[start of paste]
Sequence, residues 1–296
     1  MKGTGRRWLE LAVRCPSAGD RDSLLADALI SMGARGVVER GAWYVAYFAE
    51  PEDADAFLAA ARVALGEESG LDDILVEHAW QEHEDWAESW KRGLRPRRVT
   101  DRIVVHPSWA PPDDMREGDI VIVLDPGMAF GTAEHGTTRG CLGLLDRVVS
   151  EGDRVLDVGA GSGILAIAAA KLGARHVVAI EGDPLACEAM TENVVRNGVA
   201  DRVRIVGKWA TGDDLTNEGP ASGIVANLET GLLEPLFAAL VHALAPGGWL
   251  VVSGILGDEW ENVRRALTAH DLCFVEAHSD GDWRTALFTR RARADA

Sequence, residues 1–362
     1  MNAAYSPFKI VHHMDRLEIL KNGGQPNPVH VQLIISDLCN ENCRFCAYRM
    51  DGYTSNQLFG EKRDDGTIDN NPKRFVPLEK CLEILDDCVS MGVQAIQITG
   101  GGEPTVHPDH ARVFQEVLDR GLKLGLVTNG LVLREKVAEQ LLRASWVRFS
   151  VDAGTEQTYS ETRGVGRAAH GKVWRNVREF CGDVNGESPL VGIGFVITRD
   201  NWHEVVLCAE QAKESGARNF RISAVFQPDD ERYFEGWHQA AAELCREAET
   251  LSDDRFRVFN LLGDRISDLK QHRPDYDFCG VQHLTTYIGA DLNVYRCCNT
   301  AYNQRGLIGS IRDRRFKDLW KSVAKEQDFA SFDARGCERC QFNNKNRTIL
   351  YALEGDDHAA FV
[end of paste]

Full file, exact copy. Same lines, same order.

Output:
Sequence, residues 1–296
     1  MKGTGRRWLE LAVRCPSAGD RDSLLADALI SMGARGVVER GAWYVAYFAE
    51  PEDADAFLAA ARVALGEESG LDDILVEHAW QEHEDWAESW KRGLRPRRVT
   101  DRIVVHPSWA PPDDMREGDI VIVLDPGMAF GTAEHGTTRG CLGLLDRVVS
   151  EGDRVLDVGA GSGILAIAAA KLGARHVVAI EGDPLACEAM TENVVRNGVA
   201  DRVRIVGKWA TGDDLTNEGP ASGIVANLET GLLEPLFAAL VHALAPGGWL
   251  VVSGILGDEW ENVRRALTAH DLCFVEAHSD GDWRTALFTR RARADA

Sequence, residues 1–362
     1  MNAAYSPFKI VHHMDRLEIL KNGGQPNPVH VQLIISDLCN ENCRFCAYRM
    51  DGYTSNQLFG EKRDDGTIDN NPKRFVPLEK CLEILDDCVS MGVQAIQITG
   101  GGEPTVHPDH ARVFQEVLDR GLKLGLVTNG LVLREKVAEQ LLRASWVRFS
   151  VDAGTEQTYS ETRGVGRAAH GKVWRNVREF CGDVNGESPL VGIGFVITRD
   201  NWHEVVLCAE QAKESGARNF RISAVFQPDD ERYFEGWHQA AAELCREAET
   251  LSDDRFRVFN LLGDRISDLK QHRPDYDFCG VQHLTTYIGA DLNVYRCCNT
   301  AYNQRGLIGS IRDRRFKDLW KSVAKEQDFA SFDARGCERC QFNNKNRTIL
   351  YALEGDDHAA FV